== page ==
Frank Hartmann on Fri, 27 Aug 1999 02:50:10 +0200 (CEST)

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<nettime> The quest for mediators

RE: Internet is not a Media, by Dominique Wolton

Redundance is the core of communication, therefore: 

Academic intellectuals have a great need for playing a key role,
especially in France, and since Descartes, they favor the role of a 'true'
mediator. But there is no such thing.  This is just a professor talking,
and to understand it you have to imagine the restrictive french
educational system where the professor is always right, no matter what. 

The attitude which comes to light in the remarks of Wolton is, besides
frustration, the typical academic defense for values which regulated the
community of those educated within a book-culture, that is a culture which
relies on certain educational restraints which are processed through the
higher educational institutions, for the last five hundred years.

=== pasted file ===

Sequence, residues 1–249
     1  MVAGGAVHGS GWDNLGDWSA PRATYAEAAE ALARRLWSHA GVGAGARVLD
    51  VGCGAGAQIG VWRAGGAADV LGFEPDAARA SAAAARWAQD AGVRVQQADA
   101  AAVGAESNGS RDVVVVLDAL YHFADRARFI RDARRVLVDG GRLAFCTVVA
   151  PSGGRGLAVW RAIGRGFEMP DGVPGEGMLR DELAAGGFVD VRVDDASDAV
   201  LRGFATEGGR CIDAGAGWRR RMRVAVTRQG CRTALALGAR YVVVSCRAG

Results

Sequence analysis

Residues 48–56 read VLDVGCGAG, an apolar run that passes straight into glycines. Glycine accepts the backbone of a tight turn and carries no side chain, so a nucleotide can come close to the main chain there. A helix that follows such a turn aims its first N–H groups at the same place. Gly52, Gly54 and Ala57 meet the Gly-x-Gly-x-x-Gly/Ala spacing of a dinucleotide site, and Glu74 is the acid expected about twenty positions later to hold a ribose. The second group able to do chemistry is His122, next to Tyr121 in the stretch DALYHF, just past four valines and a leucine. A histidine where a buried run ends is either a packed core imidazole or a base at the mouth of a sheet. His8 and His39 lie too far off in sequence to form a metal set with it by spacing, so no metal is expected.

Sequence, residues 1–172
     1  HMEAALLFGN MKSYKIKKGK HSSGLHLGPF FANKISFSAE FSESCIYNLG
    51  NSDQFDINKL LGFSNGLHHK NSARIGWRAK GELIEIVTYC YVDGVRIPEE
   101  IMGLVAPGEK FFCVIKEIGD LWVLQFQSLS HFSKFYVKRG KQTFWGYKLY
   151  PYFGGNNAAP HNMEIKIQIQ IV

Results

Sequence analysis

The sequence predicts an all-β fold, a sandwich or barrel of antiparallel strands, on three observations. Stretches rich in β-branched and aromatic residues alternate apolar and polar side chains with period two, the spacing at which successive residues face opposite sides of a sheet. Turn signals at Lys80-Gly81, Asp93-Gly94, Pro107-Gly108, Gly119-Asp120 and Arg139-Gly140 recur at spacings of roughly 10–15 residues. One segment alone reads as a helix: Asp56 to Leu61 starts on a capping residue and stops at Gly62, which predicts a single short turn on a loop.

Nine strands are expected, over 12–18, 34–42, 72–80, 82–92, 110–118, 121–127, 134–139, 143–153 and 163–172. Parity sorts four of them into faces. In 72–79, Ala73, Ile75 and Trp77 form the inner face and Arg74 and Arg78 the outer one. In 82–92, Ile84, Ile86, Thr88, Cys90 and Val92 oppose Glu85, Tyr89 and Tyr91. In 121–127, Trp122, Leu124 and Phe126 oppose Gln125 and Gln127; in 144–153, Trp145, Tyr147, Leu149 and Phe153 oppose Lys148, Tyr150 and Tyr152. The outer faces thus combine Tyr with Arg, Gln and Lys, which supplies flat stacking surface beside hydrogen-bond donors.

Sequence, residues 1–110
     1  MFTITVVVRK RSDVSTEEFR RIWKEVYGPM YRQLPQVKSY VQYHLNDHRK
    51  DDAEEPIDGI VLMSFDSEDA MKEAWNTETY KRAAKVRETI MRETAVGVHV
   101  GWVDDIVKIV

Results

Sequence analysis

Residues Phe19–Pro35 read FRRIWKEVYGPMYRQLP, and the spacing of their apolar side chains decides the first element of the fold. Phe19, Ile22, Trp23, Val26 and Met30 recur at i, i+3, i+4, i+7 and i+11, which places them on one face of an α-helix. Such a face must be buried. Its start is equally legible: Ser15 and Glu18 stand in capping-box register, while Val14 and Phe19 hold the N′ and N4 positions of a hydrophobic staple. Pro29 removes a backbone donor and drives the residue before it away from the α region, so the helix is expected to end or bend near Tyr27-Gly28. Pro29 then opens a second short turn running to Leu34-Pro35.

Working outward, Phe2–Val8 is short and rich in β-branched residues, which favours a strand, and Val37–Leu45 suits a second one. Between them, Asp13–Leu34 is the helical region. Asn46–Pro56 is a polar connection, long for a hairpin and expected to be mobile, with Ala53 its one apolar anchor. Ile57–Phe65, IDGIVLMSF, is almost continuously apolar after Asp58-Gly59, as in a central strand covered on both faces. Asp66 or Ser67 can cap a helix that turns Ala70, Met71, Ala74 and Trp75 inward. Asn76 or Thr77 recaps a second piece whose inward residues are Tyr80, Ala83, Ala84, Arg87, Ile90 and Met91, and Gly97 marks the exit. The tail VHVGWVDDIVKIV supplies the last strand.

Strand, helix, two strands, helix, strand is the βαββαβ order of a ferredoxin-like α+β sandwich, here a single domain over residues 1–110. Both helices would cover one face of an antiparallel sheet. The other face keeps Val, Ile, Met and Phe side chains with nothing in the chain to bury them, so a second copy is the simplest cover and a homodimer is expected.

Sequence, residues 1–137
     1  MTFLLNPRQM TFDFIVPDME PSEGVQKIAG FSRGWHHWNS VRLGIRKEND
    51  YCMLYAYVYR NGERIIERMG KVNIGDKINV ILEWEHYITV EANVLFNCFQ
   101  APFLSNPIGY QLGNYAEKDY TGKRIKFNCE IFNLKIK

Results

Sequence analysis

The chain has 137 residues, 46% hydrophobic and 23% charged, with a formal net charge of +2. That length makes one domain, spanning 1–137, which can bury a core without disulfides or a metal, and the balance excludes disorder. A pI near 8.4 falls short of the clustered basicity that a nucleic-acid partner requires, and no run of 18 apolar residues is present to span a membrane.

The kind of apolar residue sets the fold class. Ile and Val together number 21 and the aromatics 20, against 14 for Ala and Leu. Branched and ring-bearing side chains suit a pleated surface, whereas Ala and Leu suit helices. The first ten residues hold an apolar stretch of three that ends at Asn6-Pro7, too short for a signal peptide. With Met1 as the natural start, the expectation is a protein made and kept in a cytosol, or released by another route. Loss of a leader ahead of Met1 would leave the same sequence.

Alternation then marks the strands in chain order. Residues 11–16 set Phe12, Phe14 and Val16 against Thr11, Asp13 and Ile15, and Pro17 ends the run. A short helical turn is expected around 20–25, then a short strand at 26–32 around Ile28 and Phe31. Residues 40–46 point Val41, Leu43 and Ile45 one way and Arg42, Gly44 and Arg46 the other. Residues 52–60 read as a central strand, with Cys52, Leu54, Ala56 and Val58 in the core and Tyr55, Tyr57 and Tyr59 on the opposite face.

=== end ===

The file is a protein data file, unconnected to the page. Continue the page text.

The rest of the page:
Is it not strange, by the way, that Geert in his remarkable essay on
Network Criticism asked for "the Beauvoirs, Sartres and Camus"  in this
context - all french 'brains'? My simple thesis is - from an extremely
hierarchical, institutionalized and centralized place like Paris you
cannot expect any inspiring philosophy concerning the net, which in itself
depotentializes that role of the intellectual.  Anyone remembers Geert's
essay on the virtual intellectual? 

And if the tiny group which is interested in reflecting the net would stop
the sickening quest for a 'genuius' or 'guru' or 'father' of this and
that, and maybe study the history of engineering of the last hundred
years, then it would come clear to them that there is no big man who gives
everybody else the right clue. No castings for any Sartre here. 

The point is that we should not ask if this or that is 'media' for true
(especially after McLuhan), because the question rather is which way
social information processing will take. And yes, I want to be my own
chief editor every morning, if I have a choice. 


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